Back when the ‘New Xbox Experience’ (NXE) was revealed one of the sticking points with so-called ‘hardcore’ gamers was the Avatar system. Previously on the Xbox 360 you were identified visually by your Gamertag (your ID, or handle) and your Gamerpic, a small bitmap much like those on Twitter or most other social networks. Gamerpics could be purchased from the Xbox Live Marketplace but essentially there was only a finite number of different images, and most of my friends plumped for something sporting the visage of the Master Chief anyway.
To many of the people I spoke with around the reveal of the NXE the new system, the ability to customise your own 3D humanoid avatar and then take a picture using the NXE’s camera for your Gamerpic, the traditional system was better – after all some people had spent considerable money on their Gamerpics (I bought the retro Rare pack for Jetpac). Thankfully when the time came Microsoft said you could just keep your old Gamerpic anyway, so what would be the point of the Avatars then, and what exactly have Microsoft done that makes the system so much better than the comparable features in Home?
For starters, and this is absolutely crucial, the Xbox 360 Avatars are part of the 360’s Dashboard. Your Avatar, and those of your friends, are clearly visible, active and animated throughout much of the NXE’s menu system. Instead of the big ugly grey boxes that Sony thought were a nice way to see what our online mates are up to, on the NXE you can actually see your friends (or, at least, their Avatars) next to a box of whatever game they’re playing. And if they’re in a multiplayer party chat, you’ll see them bunched together in a group. It’s visual, immediate and really quite impressive.
Secondly, as you’ll see in the video put together exclusively for this article by our editor, Peter, the Marketplace for the Avatars is also part of the Dashboard. You don’t need to load up Home, stroll over to the Shopping Mall and then find the shop you want to before buying clothes – it’s right there in the NXE and is supremely quick too. And it’s not just clothing – watch the video and tell me you’re not impressed by the seriously cool additions that you can also kit out your Avatar with – toys, RC Halo Warthogs, giant earbuds from Monkey Island – yes, it’s mostly marketing and cross promotion, but it works so well.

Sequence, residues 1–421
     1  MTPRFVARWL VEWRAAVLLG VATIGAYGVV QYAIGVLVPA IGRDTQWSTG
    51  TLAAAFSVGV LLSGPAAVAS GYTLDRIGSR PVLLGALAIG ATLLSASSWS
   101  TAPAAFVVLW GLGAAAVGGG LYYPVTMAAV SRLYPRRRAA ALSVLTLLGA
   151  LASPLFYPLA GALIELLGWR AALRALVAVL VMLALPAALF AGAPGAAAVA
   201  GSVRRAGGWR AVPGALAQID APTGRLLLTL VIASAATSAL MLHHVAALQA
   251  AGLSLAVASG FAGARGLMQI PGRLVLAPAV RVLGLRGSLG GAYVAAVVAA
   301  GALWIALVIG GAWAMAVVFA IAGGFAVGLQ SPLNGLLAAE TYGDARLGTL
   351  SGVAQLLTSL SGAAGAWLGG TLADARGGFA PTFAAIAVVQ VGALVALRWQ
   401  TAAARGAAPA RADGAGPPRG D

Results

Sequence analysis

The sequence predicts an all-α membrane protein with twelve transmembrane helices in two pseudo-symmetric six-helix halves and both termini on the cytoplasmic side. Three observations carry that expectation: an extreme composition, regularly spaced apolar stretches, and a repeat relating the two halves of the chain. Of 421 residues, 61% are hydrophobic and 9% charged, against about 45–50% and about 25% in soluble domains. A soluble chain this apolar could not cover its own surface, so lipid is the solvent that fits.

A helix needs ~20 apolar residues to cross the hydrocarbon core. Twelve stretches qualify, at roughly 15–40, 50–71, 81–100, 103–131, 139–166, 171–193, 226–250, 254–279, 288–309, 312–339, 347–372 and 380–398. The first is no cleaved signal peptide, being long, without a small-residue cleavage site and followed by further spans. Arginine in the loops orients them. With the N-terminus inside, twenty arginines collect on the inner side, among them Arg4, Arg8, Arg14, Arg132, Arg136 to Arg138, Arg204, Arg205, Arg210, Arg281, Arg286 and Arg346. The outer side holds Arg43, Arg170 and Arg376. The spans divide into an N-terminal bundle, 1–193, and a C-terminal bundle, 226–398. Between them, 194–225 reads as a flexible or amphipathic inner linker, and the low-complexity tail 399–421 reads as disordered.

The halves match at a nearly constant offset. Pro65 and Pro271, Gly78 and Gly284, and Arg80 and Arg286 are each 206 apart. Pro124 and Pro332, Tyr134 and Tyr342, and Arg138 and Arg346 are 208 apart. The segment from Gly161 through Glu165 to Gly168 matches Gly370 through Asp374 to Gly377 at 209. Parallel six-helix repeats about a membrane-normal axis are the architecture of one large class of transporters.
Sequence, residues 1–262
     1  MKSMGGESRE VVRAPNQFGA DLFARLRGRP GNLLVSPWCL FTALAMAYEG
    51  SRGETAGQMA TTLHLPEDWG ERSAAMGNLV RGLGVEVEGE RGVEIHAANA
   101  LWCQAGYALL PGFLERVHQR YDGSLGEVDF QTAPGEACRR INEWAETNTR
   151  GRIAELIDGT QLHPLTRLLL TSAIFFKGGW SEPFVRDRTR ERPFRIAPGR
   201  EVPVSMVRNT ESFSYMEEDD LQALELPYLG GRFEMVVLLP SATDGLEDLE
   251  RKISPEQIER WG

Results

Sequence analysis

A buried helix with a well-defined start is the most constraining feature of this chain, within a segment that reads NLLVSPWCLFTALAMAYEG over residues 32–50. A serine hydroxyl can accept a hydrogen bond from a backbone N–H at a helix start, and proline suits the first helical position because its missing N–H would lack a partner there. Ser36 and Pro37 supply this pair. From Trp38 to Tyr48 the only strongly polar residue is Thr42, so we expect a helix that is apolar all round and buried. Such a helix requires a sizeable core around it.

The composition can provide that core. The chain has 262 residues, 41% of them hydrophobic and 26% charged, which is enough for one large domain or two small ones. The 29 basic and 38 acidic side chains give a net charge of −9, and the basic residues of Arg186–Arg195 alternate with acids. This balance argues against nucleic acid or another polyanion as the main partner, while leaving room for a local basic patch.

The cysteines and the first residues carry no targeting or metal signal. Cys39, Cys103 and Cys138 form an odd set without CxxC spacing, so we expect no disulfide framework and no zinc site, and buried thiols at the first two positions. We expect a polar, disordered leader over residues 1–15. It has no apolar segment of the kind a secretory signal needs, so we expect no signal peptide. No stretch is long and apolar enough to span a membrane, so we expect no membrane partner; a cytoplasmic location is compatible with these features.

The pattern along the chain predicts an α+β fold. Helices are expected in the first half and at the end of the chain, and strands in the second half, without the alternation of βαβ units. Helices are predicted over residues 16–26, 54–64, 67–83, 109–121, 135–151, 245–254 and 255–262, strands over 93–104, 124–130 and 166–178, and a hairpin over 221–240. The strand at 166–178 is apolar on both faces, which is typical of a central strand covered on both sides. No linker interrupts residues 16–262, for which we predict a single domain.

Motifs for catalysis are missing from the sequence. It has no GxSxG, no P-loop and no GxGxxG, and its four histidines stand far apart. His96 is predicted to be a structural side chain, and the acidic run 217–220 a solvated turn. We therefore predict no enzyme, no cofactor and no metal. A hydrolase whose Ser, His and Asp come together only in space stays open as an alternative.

Once your Avatar is equipped with whatever outfit and accessories you’ve deemed necessary, he or she will be displayed for all your friends to see, but this isn’t just limited to the Dashboard because Microsoft are actually quite open about letting developers use Avatars in their games too. Codemasters’ DiRT 2 lets you hang your Avatar in-car, Arcade titles like Avatar Golf are centred around the little devils and even Indie titles are permitted to get in on the action, as the 80 Point Avatar Drop demonstrates in the video. The number of Avatar enabled games is growing all the time, too.
Naturally, though, the Avatar system doesn’t have the sheer amount of online substance of something like Home about it. At the moment you can’t walk around a virtual world, sitting down with other Avatars and doing the ‘rock’ dance, but we’re sure that’ll come in time if this survey carries any weight. Sony’s PlayStation Home might be a damp squid for some, but it has legions of fans that use the service regularly and new Spaces are continuously popping up – for my money though, Microsoft’s Avatars is already doing everything right and I’m sure there’s much more to come.
Thanks to Peter “HD” Chapman for his wonderful work on the video.